1. I answer the first question in the negative. I hold that the Arbitration Act, 1940 does not distinguish between an application for setting aside an award and an application for the adjudgment of an award to be nullity. I hold further, that the Statute does not contemplate that an application of the former kind should be made under Section 30 of the Act, and that an application of the latter kind should be made under Section 33 of the Act.

I am of the opinion that Section 30 of the Act does not contemplate any application at all, that it sets out only the grounds on which an award can be set aside and that the only application that can be made even for setting aside an award is under Section 33 of the Act, but then it must only be on the grounds stated in Section 30 of the Act duly interpreted.

2. My answer to the second question is in the affirmative. I hold that the Arbitration Act 1940 contemplates that all applications challenging an award must be made under Section 33, irrespective of the ground of the challenge provided that such grounds are those specified in Section 30 of the Act in all applications for setting aside the award. I need only add that I agree with the exception made by my Lord the Chief Justice in answer to the Second part of this question.

3. My answer to the third question is in the affirmative. I hold that the non-existence or invalidity of the reference can be a ground of an application for setting aside an award based on such invalid or non-existent reference including the case of an award in an arbitration without the intervention of a Court.

4. My answer to the fourth question is in the negative. I hold that in so far as the case in TLR (1949) 1 Cal 245 (A) and the case in-- : AIR1951Cal78 hold or assume that the Arbitration Act contemplated different classes of applications under Sections 30 and 33 for impugning an award and that the nullity of the award was a proper ground of an application under Section 33 but could not be a ground for an application under Section 30 of the Act, were wrongly decided.

81. Speaking for myself, these answers on the basis of the interpretation of the relative sections of the Arbitration Act should be enough. But it seems to me some reference to Legislative history and to past decisions is unavoidable. The judicial mind is not infrequently haunted by the ghosts and apparitions from the past. The next part of the enquiry will therefore have to pursue some of these ghosts, and, if possible, to lay them to rest.

The law of arbitration is the law of private courts. It was born with high hope for simplicity but exists today in despair in a miscellaneous patchwork of complex decisions which no private arbitrator can be expected to master to avoid their mischiefs or obey their salutary commands. It suffers today under a fourfold curse. So far as the arbitrators are concerned, the situation is one of helplessness verging on resignation.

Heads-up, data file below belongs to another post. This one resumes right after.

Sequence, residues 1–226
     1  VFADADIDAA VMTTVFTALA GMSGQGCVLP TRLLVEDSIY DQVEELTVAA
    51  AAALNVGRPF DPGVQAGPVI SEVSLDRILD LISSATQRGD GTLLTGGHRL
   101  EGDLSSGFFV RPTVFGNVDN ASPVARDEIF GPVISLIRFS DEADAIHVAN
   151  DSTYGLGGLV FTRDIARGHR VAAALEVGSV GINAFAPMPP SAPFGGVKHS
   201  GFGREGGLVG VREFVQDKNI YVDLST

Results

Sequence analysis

So far as the Courts are concerned, arbitration appears as a prolific source of litigation where commonsense always fights a losing battle with an increasingly technical jurisprudence. As for the disputants themselves before the arbitrators, the attitude is one of heads I win and tails you lose, and if the head does not go the way a party wants, he immediately takes resort to the public courts of the land to upset the apple cart.

As for legislation, the statutes of arbitration are Jerry-built structures suffering from divided loyalties precariously balanced between sympathy with private courts of litigant's choice and a nostalgia for public courts which sre expected to exercise a kind of paternal control over them. Like all hybrids, this cross-breeding has produced one of the most defective and unreliable species of legal creatures.

This fourfold curse has effectively laid its stronghold to make the law of arbitration a cripple which walks permanently on the crutches of legal precedents. It is no exaggeration to say that almost every controversial arbitration of any importance always waits for a second bout of legal fight in the public courts proving the truth of the old cynical statement that only fools go to arbitration because they pay two sets of costs, one before the arbitrators and the other before the courts where they come home to roost. I shall now take up the twin afflictions of the Judicial mind from the ghosts of the past statutes and the ghosts of the past decisions.

82. The Arbitration Act 1940 begins with the words 'An Act to consolidate and amend the law relating to Arbitration'. Statutory history, therefore in the light of the present Act, can be and in fact has been entirely misleading unless both the object,? of consolidation and amendments are constantly borne in mind. The Arbitration Act 1940 does not merely consolidate the past law or past statutory provisions. It also amends past law and the past statutes.